Concert review: This could be the Toronto Symphony’s best Messiah so far this century

Tuesday’s first performance of the Toronto Symphony’s five-concert run of Handel’s oratorio Messiah at Roy Thomson Hall was that rare beast: a triumph from brisk Overture to rousing Amen. This interpretation has it all: great soloists, a lean, expressive orchestra, superb choir and a cohesive performance approach from a veteran British conductor making his Toronto Symphony début.
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Categories: 2013-2014 Season and Media Reviews.

Messing with Messiah

Noel Edison, artistic director of the Toronto Mendelssohn Choir says he has no problem with unconventional approaches to The Messiah but, when he leads his singers on their five days with the TSO’s program, he is strictly on the side of tradition. “I’m too conservative,” Edison admits. Besides, he says, it doesn’t need embellishment. Handel “has so intimately, honestly and elegantly placed the text with the music, that it comes alive.”
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Categories: 2013-2014 Season and Media Reviews.

Toronto Mendelssohn Choir and guests make magic of Benjamin Britten cantatas

Here’s a suggestion: If you go to one choral concert other than Messiah this season, make it the Toronto Mendelssohn Choir’s brilliant tribute to Benjamin Britten on Wednesday evening. Tuesday night’s dress rehearsal at Yorkminster Park Baptist Church revealed not only a compelling, deeply affecting programme, but wonderful performances from the Mendelssohn Choir, the Toronto Children’s Chorus, orchestra, pianists, organist and, last but far from least, soloists tenor Colin Ainsworth and soprano Leslie Bouza. Mendelssohn Choir music director Noel Edison chose two cantatas to showcase the composer’s genius for writing potent music drama for all ages and abilities: The Company of Heaven, created for BBC Radio in 1937, and Saint Nicolas, commissioned for the centennial of Lancing College but premiered at Aldeburgh in 1948.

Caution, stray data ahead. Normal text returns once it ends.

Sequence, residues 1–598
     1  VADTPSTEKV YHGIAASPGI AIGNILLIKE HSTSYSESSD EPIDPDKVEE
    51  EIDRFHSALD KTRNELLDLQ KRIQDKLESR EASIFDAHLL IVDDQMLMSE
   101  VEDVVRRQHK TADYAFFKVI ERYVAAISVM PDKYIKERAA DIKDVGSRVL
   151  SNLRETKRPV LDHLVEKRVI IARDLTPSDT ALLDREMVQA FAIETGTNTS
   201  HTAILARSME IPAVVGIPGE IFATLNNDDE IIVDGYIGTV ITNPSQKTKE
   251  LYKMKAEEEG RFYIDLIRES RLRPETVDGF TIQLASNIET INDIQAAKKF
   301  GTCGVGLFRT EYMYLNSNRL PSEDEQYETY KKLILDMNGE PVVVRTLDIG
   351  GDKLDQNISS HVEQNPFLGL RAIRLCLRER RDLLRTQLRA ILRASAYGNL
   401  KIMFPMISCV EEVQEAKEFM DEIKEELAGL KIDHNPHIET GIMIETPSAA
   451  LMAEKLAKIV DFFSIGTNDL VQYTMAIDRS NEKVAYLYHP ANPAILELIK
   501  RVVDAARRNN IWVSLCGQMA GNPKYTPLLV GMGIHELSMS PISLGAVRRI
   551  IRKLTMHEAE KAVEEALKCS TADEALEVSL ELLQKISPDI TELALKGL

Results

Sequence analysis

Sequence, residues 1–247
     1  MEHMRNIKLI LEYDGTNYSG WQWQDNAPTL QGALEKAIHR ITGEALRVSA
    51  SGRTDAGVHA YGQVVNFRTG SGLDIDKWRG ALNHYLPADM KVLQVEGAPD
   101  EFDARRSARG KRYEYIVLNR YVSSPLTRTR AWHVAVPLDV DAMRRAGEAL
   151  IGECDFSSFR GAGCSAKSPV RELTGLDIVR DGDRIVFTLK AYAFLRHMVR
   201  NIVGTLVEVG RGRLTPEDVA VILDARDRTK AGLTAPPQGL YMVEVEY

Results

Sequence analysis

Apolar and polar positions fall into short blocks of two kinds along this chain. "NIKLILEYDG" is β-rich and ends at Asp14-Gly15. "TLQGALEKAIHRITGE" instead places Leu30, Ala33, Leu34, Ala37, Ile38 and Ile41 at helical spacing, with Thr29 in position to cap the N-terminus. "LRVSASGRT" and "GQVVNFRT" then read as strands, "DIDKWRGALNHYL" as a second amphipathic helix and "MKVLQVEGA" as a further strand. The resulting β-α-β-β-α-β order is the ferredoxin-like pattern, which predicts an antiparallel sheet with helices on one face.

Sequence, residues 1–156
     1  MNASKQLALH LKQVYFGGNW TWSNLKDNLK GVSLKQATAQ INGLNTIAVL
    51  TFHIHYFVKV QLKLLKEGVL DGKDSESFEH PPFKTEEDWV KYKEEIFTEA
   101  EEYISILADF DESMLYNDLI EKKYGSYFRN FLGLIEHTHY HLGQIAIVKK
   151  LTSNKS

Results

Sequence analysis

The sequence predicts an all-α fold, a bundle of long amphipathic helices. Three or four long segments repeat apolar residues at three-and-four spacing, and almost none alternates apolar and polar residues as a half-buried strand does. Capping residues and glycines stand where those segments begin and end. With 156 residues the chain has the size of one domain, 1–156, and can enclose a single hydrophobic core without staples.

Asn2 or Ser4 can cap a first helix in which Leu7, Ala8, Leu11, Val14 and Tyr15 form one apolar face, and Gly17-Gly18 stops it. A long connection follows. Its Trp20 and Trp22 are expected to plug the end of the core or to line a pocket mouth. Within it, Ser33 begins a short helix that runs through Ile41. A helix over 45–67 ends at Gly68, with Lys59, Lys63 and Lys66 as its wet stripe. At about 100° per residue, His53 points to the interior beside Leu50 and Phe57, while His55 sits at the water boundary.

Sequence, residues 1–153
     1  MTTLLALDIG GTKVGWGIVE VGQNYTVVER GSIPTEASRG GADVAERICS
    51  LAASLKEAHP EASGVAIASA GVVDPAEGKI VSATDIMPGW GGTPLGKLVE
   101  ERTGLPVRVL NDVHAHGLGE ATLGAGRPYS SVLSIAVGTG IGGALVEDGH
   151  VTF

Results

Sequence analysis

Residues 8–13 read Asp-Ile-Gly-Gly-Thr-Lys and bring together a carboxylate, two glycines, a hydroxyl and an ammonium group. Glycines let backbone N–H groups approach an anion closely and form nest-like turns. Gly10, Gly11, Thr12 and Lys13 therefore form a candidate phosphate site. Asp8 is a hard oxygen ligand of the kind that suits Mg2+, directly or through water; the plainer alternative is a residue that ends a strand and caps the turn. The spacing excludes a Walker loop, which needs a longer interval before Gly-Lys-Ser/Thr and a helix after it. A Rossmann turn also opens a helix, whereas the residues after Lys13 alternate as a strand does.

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Categories: 2013-2014 Season and Media Reviews.

TSO’s Carmina Burana a thrilling Halloween Musical Fare

I must give my highest praise to the Toronto Mendelssohn Choir, surely a national treasure. Every time I see them, I always think - "they've outdone themselves this time." And then the next time I see them, I want to say the same thing.
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Categories: 2013-2014 Season and Media Reviews.

Toronto Symphony Orchestra’s Carmina Burana raises Roy Thomson Hall roof

John Terauds, Musical Toronto The feature draw was an all-stops-pulled performance of Carl Orff’s modern classic from 1936, Carmina Burana. The Toronto Symphony was joined by 116 members of the Toronto Mendelssohn Choir, three-and-a-half-dozen young voices of the Toronto Children’s Chorus, Romanian-born soprano Valentina Farcas, American tenor Nicholas Phan and Canadian baritone James Westman. Music director Peter Oundjian led a nicely modulated, clearly laid-out interpretation that offered a full, rich orchestral sound, remarkable precision from the choristers and a running narrative of viscerally engaging rhythms. The fortissimo passages were taken all-out, threatening to raise the hall’s circular roof a couple of times during the evening. Read the complete review online